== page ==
One-fifth of women smoke in pregnancy

Pregnant woman smoking
Pregnant woman smoking
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ALMOST a fifth of pregnant women in Sunderland smoke, figures reveal.

And despite the city being one of the lower areas for the dangerous habit in the North East, the region is still the area where expectant mums are more likely to light up than anywhere else in the country.

Researchers found that 18.7 per cent of pregnant women smoked in the past year.

But Wearside comes out better than most other areas of the region, with 27.6 per cent of mums in Redcar and Cleveland, choosing to smoke during the whole of their pregnancy.

The rate in Sunderland is lower than the North East average, which is 19.3 per cent, but still well above the England average of 12.8 per cent.

The statistics were revealed from the network of Public Health Observatories, which creates health profiles of each area, and comes after the Echo reported earlier this week that hundreds of mums-to-be in Sunderland are addicted to alcohol or drugs – or in some cases, both.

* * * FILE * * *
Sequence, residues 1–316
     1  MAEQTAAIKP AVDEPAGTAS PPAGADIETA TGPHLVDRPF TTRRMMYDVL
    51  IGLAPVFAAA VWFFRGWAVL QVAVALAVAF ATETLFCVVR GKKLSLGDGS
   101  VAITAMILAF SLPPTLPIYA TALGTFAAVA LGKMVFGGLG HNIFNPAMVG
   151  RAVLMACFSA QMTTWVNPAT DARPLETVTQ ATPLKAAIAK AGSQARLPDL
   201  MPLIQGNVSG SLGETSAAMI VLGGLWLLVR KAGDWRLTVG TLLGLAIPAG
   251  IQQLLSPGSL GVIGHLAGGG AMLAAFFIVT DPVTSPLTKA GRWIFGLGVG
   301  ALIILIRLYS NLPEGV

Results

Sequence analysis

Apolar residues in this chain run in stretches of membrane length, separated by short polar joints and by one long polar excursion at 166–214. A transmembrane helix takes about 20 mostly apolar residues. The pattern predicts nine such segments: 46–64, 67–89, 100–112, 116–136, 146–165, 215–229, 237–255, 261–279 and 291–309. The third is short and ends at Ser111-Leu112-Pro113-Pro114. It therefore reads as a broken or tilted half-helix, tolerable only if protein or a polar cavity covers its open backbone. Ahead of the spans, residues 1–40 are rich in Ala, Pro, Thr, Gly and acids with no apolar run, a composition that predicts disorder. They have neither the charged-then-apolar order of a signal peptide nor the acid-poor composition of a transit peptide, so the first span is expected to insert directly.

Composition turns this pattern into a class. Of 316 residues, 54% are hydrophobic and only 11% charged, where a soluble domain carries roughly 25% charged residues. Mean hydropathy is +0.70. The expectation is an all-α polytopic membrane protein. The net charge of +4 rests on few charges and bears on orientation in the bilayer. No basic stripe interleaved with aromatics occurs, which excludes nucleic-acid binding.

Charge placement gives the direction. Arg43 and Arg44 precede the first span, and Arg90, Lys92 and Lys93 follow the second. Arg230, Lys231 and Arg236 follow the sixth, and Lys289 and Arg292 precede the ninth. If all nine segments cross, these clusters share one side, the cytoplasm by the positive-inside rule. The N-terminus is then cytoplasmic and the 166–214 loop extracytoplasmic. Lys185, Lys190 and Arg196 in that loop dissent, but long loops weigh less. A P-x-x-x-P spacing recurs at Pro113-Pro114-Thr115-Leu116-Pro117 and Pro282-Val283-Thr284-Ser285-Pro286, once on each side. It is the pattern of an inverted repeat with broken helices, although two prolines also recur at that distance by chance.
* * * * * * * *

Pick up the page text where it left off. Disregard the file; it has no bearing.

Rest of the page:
Martyn Willmore, who is performance manager for anti-smoking group Fresh, said: “From our point of view, we are working hard with midwives to get across to pregnant mothers how important it is to stop smoking.

“We are also de-bunking a lot of myths regarding smoking during pregnancy.

“Some mums might think that if they do smoke when pregnant their baby will weigh less, but it’s more likely to be a difficult birth and it’s more likely that the baby will stay in hospital longer once they are born.”

Ailsa Rutter, director of Fresh, said: “Every cigarette smoked exposes both mum and baby to a cocktail of toxic chemicals.

“It also deprives the baby of vital oxygen, putting him or her at risk of poor physical and mental growth and reduced lung development.

“The North East still has the worst rates of smoking during pregnancy but we have also seen the largest falls as well.

We need to get more messages out about these dangers but we also need to remind mums who smoke that NHS Stop Smoking Services can help them to quit.”

If you want to quit, call Sunderland NHS Stop Smoking Service on 0800 531 6317.

Twitter: @davidallison88